Cooking Japanese: tips, techniques, more

BOOKMARK

March 14, 2007|By Kate Shatzkin | Kate Shatzkin,Sun reporter

Nobu West

By Nobu Matsuhisa and Mark Edwards

Japanese Light

By Kimiko Barber

DK Publishing / 2007 / $25

You can tell Kimiko Barber is a seasoned cooking teacher: This more approachable book is loaded with step-by-step photos, tips and primers on etiquette, menus and presenting a Japanese meal.

Cooks who are just venturing into Japanese cuisine will find plenty of doable recipes and answers to many questions.

There are also Western influences here. Bacon, for example, shows up as an accent for fava beans, in a pot-au-feu, and in a quick, delicious "sobaghetti" with soba noodles and greens.

As reader-friendly as this book is, though, it's hard to know how "light" the recipes really are without nutritional information. The sobaghetti, for example, called for four slices of bacon to be crisped in 1/4 cup of olive oil - for two people. I made it a second time with more greens and half the oil, and thought it even better.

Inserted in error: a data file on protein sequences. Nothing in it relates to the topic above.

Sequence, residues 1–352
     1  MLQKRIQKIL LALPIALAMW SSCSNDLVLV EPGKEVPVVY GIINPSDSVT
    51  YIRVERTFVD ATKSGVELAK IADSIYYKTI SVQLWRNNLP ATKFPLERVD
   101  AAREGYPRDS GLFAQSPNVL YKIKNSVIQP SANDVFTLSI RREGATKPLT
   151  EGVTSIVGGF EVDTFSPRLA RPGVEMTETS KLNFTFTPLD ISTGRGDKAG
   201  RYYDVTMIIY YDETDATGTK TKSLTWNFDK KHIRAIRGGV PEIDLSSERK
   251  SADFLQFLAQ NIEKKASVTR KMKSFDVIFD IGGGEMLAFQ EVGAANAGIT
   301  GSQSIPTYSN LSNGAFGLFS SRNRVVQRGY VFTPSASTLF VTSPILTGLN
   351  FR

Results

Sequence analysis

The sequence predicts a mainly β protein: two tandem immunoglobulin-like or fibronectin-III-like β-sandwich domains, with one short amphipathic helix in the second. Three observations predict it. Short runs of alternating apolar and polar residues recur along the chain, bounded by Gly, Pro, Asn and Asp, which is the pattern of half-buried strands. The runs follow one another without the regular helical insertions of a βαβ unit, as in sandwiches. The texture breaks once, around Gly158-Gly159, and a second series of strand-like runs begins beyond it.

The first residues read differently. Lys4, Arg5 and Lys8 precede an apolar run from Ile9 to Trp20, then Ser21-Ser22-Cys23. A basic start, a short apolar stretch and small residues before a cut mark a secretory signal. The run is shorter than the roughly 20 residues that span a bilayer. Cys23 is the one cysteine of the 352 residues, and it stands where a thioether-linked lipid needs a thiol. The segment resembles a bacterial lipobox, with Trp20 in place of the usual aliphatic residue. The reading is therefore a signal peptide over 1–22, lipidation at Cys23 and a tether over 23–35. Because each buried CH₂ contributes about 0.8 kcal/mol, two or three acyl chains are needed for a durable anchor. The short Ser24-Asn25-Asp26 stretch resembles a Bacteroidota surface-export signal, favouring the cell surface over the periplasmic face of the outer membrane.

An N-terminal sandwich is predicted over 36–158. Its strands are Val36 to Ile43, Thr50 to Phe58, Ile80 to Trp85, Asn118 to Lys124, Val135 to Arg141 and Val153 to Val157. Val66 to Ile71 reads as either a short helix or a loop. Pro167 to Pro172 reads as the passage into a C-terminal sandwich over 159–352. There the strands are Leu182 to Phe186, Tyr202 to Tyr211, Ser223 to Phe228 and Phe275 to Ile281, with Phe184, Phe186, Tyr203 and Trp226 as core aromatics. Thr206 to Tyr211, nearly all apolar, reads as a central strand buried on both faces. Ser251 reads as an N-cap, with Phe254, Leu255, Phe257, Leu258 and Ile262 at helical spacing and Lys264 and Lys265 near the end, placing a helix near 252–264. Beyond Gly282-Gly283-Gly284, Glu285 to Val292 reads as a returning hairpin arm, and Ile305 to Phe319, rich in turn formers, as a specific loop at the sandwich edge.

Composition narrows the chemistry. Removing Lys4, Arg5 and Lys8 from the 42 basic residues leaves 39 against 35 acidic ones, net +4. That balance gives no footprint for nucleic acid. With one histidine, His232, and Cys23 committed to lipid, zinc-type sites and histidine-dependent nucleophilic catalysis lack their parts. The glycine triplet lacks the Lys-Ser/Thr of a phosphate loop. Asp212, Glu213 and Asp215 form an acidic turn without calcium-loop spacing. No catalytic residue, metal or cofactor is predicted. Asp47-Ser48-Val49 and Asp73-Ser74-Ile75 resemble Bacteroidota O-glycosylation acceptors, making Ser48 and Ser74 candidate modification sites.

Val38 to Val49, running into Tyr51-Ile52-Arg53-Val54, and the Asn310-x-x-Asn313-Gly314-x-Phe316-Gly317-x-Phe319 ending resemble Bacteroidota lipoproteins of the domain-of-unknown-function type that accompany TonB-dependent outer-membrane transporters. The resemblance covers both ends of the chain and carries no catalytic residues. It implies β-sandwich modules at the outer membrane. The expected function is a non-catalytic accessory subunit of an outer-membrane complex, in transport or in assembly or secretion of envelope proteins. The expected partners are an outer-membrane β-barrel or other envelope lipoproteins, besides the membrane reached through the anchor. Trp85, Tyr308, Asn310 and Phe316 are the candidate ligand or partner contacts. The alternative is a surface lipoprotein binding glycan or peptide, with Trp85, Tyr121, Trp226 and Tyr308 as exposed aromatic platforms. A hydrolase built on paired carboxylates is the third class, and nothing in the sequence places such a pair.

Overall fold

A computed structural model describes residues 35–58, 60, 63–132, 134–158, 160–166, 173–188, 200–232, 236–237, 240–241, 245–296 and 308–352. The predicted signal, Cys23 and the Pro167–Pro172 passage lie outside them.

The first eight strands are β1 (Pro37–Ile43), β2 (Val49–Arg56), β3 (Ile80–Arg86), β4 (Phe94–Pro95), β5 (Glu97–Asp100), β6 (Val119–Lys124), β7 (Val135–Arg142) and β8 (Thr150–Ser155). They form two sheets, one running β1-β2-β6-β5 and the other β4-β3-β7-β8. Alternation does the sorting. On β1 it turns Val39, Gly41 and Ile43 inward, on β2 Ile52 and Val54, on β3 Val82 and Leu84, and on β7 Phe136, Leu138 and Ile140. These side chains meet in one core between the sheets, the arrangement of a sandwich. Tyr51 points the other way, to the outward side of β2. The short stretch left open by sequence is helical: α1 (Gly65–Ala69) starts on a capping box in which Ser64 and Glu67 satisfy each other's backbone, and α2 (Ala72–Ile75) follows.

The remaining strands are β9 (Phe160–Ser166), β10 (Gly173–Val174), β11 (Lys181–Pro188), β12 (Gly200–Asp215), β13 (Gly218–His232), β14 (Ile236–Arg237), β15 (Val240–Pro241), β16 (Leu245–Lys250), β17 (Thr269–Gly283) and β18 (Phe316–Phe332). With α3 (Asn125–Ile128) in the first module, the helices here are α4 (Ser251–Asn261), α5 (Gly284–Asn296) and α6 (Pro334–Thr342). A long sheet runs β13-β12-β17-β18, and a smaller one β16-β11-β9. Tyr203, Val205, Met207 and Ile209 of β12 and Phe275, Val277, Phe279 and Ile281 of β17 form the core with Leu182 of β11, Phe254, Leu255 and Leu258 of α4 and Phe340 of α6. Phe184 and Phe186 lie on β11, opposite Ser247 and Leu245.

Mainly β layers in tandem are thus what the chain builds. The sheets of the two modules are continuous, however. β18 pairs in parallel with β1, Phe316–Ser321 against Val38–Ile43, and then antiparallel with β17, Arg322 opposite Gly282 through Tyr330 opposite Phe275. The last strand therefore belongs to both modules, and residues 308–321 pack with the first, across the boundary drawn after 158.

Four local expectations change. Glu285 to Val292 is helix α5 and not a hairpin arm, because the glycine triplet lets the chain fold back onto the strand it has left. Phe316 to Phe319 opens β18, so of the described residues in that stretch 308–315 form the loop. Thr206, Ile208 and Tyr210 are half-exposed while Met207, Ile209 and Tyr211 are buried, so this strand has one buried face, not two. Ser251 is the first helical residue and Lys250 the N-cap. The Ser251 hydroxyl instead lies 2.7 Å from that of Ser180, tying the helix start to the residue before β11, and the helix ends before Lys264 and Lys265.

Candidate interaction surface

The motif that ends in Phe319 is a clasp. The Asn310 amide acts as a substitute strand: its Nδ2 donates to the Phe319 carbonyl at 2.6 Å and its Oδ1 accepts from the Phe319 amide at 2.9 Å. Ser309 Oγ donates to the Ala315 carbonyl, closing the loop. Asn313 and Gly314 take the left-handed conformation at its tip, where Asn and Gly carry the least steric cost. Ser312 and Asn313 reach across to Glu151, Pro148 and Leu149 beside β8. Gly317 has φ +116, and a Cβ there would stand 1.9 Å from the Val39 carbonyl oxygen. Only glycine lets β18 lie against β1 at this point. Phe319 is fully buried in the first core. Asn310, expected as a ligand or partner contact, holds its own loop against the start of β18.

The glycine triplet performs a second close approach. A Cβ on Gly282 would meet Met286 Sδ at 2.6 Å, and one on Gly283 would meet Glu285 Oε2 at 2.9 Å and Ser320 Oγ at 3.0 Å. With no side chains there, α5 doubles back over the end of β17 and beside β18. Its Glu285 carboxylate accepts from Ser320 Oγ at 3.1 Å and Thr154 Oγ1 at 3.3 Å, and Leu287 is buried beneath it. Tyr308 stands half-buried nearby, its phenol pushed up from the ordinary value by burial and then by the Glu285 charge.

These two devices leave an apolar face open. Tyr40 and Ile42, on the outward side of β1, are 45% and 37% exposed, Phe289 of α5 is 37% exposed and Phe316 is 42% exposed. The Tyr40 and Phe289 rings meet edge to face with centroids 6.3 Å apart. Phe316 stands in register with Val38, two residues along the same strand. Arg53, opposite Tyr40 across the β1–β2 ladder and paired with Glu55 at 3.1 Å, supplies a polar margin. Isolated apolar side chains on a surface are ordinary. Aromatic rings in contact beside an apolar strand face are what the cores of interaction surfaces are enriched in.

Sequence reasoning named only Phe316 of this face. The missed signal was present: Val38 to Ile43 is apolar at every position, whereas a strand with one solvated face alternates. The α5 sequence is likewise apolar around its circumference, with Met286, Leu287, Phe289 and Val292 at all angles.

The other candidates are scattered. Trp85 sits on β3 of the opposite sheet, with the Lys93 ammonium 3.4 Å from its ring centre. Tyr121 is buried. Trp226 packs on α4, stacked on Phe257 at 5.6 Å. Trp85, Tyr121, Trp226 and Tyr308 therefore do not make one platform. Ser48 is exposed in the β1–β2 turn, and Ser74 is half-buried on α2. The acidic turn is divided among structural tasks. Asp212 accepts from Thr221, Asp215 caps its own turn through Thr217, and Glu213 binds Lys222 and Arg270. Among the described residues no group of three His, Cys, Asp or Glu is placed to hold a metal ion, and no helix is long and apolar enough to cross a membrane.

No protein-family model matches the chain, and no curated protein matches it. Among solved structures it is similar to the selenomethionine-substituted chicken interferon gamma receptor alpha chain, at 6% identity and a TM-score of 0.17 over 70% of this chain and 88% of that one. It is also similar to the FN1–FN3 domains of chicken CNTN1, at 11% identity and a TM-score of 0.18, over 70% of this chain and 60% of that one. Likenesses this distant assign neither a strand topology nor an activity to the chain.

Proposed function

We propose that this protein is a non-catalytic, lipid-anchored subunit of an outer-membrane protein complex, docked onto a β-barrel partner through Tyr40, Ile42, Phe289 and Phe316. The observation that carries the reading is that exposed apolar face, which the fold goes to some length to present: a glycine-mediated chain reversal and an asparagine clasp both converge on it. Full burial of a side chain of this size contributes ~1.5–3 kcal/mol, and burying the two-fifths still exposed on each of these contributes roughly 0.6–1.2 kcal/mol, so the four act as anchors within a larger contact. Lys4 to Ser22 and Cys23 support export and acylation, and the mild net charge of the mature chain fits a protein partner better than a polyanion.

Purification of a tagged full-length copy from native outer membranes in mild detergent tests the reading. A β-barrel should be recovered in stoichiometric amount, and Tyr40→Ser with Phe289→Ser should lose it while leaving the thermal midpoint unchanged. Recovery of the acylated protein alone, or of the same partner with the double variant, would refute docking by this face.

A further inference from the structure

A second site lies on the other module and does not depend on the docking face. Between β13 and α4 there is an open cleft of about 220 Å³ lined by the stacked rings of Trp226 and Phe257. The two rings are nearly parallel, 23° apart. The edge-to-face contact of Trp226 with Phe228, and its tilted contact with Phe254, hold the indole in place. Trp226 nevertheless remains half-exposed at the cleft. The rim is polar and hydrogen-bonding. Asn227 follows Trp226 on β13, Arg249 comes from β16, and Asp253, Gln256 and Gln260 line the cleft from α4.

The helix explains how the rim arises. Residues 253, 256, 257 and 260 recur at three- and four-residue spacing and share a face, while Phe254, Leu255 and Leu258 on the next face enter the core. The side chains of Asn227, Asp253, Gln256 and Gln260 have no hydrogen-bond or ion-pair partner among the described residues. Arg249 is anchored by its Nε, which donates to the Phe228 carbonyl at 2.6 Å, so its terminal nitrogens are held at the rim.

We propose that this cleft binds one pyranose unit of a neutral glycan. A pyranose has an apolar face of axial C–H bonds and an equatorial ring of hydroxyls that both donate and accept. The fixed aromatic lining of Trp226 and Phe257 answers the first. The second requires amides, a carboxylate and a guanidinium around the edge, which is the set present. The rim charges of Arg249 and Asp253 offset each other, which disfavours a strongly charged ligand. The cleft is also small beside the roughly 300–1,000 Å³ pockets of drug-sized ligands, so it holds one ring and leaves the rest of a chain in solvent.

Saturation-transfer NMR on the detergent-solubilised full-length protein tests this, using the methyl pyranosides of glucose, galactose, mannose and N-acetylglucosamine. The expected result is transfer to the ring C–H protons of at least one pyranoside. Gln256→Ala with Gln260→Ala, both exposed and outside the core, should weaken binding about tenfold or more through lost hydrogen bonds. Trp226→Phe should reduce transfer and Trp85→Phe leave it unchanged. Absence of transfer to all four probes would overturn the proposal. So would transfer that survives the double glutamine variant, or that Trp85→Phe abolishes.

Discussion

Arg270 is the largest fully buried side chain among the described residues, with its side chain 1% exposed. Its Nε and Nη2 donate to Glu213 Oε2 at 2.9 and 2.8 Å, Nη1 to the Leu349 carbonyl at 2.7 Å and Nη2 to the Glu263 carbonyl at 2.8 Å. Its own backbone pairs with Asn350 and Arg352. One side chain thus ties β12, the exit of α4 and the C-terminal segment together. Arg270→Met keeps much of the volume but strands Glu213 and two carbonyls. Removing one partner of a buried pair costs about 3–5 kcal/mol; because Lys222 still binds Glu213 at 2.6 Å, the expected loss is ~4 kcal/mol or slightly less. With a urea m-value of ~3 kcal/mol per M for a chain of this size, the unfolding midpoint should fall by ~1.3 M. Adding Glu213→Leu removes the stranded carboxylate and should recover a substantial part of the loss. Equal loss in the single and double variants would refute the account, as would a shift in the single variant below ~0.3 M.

kate.shatzkin@baltsun.com

Monkfish With Fennel Salad

Serves 2

SPICY-SOUR SAUCE:

6 1/2 tablespoons fresh lemon juice

1 tablespoon soy sauce

2 teaspoons mirin

1 teaspoon store-bought chili-garlic sauce

FISH AND SALAD:

5 baby or 3 regular fennel bulbs

sea salt and freshly ground pepper

2 tablespoons fresh orange juice

4 tablespoons olive oil (divided use)

5 ounces boneless, skinless monkfish fillet

3 tablespoons flour

6 whole baby plum tomatoes or 2 sliced regular plum tomatoes

Combine ingredients for Spicy-Sour Sauce in a bowl and set aside.

Thinly slice fennel and place slices in a nonreactive bowl. Season with salt and pepper, add orange juice and 2 tablespoons olive oil and toss well. Slice the monkfish into medallions about 1/2 inch thick. Pat dry with paper towels, then season with salt and pepper.

Heat the remaining olive oil in a nonstick skillet over high heat. Dust the monkfish with the flour and shake off any excess. Cook the fish medallions for 2 minutes on each side and drain on a metal rack.

Drain any excess liquid from the fennel and place the slices in a neat pile on a serving dish. Arrange the monkfish around the fennel and decorate with tomatoes. Serve with sauce.

Adapted from "Nobu West"

Per serving: 531 calories, 21 grams protein, 30 grams fat, 4 grams saturated fat, 51 grams carbohydrate, 14 grams fiber, 23 milligrams cholesterol, 898 milligrams sodium

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